Instead, engines usually do something called style struct sharing. They store data that usually goes together (like font properties) in a different object called a style struct. Then, instead of having all of the properties in the same object, the computed styles object just has pointers. For each category, there’s a pointer to the style struct that has the right values for this DOM node.

Chunks of the form pulled out to separate objects

This ends up saving both memory and time. Nodes that have similar properties (like siblings) can just point to the same structs for the properties they share. And because many properties are inherited, an ancestor can share a struct with any descendants that don’t specify their own overrides.

Now, how do we make that fast?

So that is what style computation looks like when you haven’t optimized it.

 selector matching, sorting by specificity, and computing property values

There’s a lot of work happening here. And it doesn’t just need to happen on the first page load. It happens over and over again as users interact with the page, hovering over elements or making changes to the DOM, triggering a restyle.

Initial styling plus restyling for hover, DOM nodes added, etc

This means that CSS style computation is a great candidate for optimization… and browsers have been testing out different strategies to optimize it for the past 20 years. What Quantum CSS does is take the best of these strategies from different engines and combine them to create a superfast new engine.

So let’s look at the details of how these all work together.

Run it all in parallel

The Servo project (which Quantum CSS comes from) is an experimental browser that’s trying to parallelize all of the different parts of rendering a web page. What does that mean?

A computer is like a brain. There’s a part that does the thinking (the ALU). Near that, there’s some short term memory (the registers). These are grouped together on the CPU. Then there’s longer term memory, which is RAM.

CPU with ALU (the part that does the thinking) and registers (short term memory)

Early computers could only think one thing at a time using this CPU. But over the last decade, CPUs have shifted to having multiple ALUs and registers, grouped together in cores. This means that the CPU can think multiple things at once — in parallel.

CPU chip with multiple cores containing ALUs and registers

Quantum CSS makes use of this recent feature of computers by splitting up style computation for the different DOM nodes across the different cores.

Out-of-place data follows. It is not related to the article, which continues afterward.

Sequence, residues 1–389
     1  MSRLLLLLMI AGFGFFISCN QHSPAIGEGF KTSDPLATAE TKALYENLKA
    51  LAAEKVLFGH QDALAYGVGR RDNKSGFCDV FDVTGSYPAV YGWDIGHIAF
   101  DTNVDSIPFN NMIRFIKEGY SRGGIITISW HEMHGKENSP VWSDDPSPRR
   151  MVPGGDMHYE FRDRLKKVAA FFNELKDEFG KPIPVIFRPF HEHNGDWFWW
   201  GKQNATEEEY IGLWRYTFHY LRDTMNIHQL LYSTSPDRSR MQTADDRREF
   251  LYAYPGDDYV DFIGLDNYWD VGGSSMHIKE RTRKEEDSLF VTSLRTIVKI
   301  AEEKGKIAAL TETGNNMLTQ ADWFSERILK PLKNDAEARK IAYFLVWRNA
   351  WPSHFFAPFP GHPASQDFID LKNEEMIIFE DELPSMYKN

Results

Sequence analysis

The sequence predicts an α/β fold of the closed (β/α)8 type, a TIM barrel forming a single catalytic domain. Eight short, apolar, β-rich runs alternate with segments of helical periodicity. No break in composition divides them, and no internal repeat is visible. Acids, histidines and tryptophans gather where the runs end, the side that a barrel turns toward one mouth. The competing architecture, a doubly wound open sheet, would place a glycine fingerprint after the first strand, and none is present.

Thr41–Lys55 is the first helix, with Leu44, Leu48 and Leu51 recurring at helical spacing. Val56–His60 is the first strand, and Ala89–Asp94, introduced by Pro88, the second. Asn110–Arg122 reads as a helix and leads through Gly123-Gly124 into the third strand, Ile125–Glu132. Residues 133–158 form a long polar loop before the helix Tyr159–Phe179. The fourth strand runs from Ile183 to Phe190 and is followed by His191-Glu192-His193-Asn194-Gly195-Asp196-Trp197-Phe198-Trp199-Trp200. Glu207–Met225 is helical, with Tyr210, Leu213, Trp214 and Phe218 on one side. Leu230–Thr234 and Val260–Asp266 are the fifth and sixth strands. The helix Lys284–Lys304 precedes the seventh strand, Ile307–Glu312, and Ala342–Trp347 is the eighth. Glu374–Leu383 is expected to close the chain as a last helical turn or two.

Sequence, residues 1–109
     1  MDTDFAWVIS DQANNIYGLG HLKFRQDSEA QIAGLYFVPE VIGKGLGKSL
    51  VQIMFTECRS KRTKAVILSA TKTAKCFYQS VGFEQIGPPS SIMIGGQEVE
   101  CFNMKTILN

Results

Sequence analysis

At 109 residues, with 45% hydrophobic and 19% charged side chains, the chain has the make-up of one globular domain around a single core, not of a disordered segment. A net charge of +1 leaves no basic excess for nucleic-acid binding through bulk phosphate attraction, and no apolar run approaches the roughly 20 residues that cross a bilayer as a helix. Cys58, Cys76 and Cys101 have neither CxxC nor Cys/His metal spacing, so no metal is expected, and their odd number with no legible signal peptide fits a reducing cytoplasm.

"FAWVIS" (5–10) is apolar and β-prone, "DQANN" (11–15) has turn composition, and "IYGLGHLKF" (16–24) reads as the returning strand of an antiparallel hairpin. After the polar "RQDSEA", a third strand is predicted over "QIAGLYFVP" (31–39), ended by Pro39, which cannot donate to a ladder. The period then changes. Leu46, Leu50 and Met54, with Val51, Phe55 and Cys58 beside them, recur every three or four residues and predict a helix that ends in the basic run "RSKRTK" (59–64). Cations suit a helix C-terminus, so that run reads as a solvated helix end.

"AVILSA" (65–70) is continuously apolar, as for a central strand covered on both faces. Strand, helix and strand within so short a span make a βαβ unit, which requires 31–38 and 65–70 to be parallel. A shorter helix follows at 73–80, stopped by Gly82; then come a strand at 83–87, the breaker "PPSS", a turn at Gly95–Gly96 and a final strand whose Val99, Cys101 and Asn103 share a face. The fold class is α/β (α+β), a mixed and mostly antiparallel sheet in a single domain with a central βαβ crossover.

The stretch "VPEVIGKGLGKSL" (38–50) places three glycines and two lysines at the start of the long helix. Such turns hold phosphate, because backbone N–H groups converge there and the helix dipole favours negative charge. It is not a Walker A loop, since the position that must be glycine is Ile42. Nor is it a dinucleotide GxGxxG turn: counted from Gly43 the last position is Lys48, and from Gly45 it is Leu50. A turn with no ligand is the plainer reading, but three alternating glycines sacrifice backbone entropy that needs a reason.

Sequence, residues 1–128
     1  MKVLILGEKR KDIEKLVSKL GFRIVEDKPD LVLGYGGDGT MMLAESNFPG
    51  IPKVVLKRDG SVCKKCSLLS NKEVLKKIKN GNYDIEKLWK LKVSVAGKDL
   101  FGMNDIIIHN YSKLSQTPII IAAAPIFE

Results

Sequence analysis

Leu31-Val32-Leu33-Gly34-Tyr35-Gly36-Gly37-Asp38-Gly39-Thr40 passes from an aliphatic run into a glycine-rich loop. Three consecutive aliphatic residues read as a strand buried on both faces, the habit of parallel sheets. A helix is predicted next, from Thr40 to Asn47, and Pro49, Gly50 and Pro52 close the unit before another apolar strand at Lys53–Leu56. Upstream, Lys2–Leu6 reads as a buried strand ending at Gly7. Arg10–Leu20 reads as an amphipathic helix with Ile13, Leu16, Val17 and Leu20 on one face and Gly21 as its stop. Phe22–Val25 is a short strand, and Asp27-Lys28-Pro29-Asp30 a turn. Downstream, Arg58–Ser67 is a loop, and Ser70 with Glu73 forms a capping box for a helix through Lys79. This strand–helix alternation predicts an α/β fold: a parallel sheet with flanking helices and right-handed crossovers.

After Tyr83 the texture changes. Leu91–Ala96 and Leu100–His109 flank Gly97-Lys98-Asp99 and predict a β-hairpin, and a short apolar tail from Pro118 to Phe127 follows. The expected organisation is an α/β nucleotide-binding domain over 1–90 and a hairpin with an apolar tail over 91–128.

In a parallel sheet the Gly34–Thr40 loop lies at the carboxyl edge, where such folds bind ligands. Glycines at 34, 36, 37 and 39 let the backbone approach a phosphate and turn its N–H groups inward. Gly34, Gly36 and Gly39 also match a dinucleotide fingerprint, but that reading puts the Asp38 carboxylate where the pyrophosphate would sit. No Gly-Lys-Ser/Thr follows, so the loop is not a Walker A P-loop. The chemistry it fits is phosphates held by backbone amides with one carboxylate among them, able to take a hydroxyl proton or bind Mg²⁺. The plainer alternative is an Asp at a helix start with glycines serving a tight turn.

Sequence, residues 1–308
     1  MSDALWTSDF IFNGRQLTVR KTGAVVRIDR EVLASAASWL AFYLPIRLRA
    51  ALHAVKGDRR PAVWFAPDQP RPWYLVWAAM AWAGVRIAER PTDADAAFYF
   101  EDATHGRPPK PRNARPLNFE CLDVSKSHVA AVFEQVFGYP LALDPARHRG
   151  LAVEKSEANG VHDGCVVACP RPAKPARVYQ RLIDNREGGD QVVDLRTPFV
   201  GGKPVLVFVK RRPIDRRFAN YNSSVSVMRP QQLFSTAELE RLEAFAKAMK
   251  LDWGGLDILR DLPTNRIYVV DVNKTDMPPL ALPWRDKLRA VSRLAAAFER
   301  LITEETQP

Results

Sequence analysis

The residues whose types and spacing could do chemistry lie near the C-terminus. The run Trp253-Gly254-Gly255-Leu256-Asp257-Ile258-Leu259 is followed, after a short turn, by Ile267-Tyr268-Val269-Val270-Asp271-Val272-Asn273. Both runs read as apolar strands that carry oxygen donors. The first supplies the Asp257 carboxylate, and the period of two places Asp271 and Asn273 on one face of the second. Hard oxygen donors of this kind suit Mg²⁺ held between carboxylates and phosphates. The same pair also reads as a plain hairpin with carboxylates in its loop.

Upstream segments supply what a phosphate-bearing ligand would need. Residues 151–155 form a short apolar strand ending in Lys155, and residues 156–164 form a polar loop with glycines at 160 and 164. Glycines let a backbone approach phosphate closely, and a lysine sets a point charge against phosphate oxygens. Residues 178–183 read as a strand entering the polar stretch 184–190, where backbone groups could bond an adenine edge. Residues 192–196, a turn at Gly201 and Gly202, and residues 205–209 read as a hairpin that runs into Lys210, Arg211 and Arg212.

This might seem like an easy thing to do… just split up the branches of the tree and do them on different cores. It’s actually much harder than that for a few reasons. One reason is that DOM trees are often uneven. That means that one core will have a lot more work to do than others.

Imbalanced DOM tree being split between multiple cores so one does all the work

To balance the work more evenly, Quantum CSS uses a technique called work stealing. When a DOM node is being processed, the code takes its direct children and splits them up into 1 or more “work units”. These work units get put into a queue.

Cores segmenting their work into work units

When one core is done with the work in its queue, it can look in the other queues to find more work to do. This means we can evenly divide the work without taking time up front to walk the tree and figure out how to balance it ahead of time.

Cores that have finished their work stealing from the core with more work

In most browsers, it would be hard to get this right. Parallelism is a known hard problem, and the CSS engine is very complex. It’s also sitting between the two other most complex parts of the rendering engine — the DOM and layout. So it would be easy to introduce a bug, and parallelism can result in bugs that are very hard to track down, called data races. I explain more about these kinds of bugs in another article.

If you’re accepting contributions from hundreds or thousands of engineers, how can you program in parallel without fear? That’s what we have Rust for.

Rust logo

With Rust, you can statically verify that you don’t have data races. This means you avoid tricky-to-debug bugs by just not letting them into your code in the first place. The compiler won’t let you do it. I’ll be writing more about this in a future article. In the meantime, you can watch this intro video about parallelism in Rust or this more in-depth talk about work stealing.

With this, CSS style computation becomes what’s called an embarrassingly parallel problem — there’s very little keeping you from running it efficiently in parallel. This means that we can get close to linear speed ups. If you have 4 cores on your machine, then it will run close to 4 times faster.

Speed up restyles with the Rule Tree